I watched a message on Sunday, then another on Tuesday. Two different pastors, two different sermons, that I know God lined up the lesson specifically for me.
I have been praying and waiting and worrying and praising and discouraged and hopeful and…and…and…yes, it is a vicious and ungodly cycle. I am a sold-out believer of Jesus Christ, yet my flesh would get in the way and daily my mind must be renewed.
The first Pastor used scripture 1 Peter 5:6-8. My take-away, from what he preached, was to cast your cares to God and to remember you are not in control. We all need to humble ourselves to that reality.
I was not doing a very good job of this, as I was letting my head and impatience get in the way of my God-fearing knowledge that He has a plan.
The second Pastor spoke on John 20:24-29 and Thomas’s doubt. He exhorted Thomas cried out his disbelief that Jesus was seen.
This is where my ‘aha’ moment happened.
How often do we let our impatience and doubt
control our minds and flesh,
instead of crying out to the Lord our concerns?
Psalm 18:6 tells us
In my distress I called upon the Lord;
to my God I cried for help.
From His temple He heard my voice,
and my cry to Him reached his ears.
Distress means extreme anxiety, sorrow, or pain. The latin origin is distringere and translates to stretch apart. Isn’t that so true? When we are in intense anxiety we feel as though our emotions, our soul, and physically are being pulled in all directions.
When I looked at this personal sermon, led by the Holy Spirit, I knew I needed to cast my cares (1 Peter 5:7) and cry out (Psalm 18:6) to ask God to help me remove my doubt-like Thomas (John 20:25). I needed His touch to tell me to stop doubting and believe (John 20:27).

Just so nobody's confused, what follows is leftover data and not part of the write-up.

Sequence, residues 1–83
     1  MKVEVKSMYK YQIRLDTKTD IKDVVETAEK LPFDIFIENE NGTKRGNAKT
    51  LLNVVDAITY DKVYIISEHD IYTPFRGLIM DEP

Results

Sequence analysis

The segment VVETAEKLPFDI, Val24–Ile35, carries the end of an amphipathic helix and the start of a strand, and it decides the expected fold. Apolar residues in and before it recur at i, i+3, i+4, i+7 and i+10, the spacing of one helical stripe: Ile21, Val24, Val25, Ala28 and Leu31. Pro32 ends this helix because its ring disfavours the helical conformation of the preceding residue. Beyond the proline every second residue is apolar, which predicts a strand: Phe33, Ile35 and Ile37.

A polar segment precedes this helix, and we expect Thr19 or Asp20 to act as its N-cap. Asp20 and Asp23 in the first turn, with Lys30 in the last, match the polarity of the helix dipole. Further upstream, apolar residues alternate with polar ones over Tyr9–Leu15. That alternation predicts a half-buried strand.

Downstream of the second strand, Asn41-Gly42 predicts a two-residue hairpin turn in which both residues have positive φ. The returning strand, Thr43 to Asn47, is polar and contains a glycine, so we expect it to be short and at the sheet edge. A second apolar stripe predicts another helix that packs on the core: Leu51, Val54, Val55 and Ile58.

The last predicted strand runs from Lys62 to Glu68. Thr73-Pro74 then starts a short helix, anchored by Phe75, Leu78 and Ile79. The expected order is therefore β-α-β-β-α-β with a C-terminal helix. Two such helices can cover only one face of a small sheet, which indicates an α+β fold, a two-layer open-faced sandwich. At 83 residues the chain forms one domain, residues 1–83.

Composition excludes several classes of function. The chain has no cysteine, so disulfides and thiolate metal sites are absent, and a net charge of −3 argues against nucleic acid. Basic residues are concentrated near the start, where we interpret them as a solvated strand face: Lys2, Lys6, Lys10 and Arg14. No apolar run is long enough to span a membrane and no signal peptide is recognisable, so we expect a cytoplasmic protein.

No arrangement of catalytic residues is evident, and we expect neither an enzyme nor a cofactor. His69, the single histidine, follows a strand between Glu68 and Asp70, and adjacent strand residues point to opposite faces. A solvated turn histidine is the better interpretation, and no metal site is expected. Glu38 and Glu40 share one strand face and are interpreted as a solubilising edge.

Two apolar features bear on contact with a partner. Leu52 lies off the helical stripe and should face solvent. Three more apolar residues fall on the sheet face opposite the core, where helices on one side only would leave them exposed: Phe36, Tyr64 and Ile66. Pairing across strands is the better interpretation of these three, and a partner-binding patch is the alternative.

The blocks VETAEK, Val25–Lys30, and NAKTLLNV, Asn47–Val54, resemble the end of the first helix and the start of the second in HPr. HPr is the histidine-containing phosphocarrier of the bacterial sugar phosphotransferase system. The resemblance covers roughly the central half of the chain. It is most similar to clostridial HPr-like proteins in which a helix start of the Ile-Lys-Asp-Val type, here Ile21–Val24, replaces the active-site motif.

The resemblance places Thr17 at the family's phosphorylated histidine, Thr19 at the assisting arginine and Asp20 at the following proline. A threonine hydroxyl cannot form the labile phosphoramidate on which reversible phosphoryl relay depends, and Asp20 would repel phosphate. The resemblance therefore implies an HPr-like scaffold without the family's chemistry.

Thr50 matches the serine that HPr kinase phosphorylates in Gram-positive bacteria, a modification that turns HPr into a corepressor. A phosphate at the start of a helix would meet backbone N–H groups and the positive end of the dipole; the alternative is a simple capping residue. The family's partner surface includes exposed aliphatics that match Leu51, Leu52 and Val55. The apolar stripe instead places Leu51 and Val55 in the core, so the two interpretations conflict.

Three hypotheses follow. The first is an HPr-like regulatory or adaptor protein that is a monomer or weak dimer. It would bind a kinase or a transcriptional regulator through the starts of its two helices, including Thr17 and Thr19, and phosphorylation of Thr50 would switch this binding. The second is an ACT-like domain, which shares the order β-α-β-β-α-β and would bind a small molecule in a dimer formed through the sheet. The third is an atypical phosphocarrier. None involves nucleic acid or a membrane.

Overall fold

Just typing that makes me feel selfish, spoiled, and demanding.
Yet, as a mother, when your child is frustrated with something and is pouting, quiet, and withdrawn, don’t you ask them “what is wrong?” Wouldn’t you rather hear them cry, yell, and be mad as they expressed their feelings? At least they are getting it out and you can then help them. During their meltdown, we ask, “Tell me what you want.” Then when it’s over, we remind them, “if you tell me what you need to begin with, then maybe I can help you quicker.”
I just heard you say “ohhhhhhhhh”. Yes, a light bulb moment. “aha”
Our ABBA Father wants the same from us.
You are His child. He wants you to get mad, yell, and cry.
And by the way- God already knows your problems. He just wanted you to talk to Him about them.
Bring your distress (Psalm 18:6),
Cast your cares (1 Peter 5:7),
and tell Him your doubts (John 20:25).
The pastor concluded that Thomas was not given an answer to his doubts for over a week. Which realistically is quick, but when we are in the thick of our wait, 8 days seems like 8 years. It is during this time that patience is built and with this endurance, our faith is increased.
For you need endurance, so that after you have done God’s will, you may receive what was promised.Hebrews 10:36
Believing is a verb and requires action, therefore I knew I had to act. I took pen to paper and wrote out all my concerns that I was internally self-fighting.
I wrote it all out. My penmanship was a mess. My thoughts scattered. My troubles in ink.
It felt great!
I was able to look at the paper, pray over it, and ask for His answers. Now I patiently wait, trust, and believe.
Next time, (maybe it’s on your mind now!), that something is making you ill with worry, cast your cares. (Here is a printable designed to help you through the brain dumping process.)
God isn’t looking for a perfect heart. He is looking for you to talk to Him.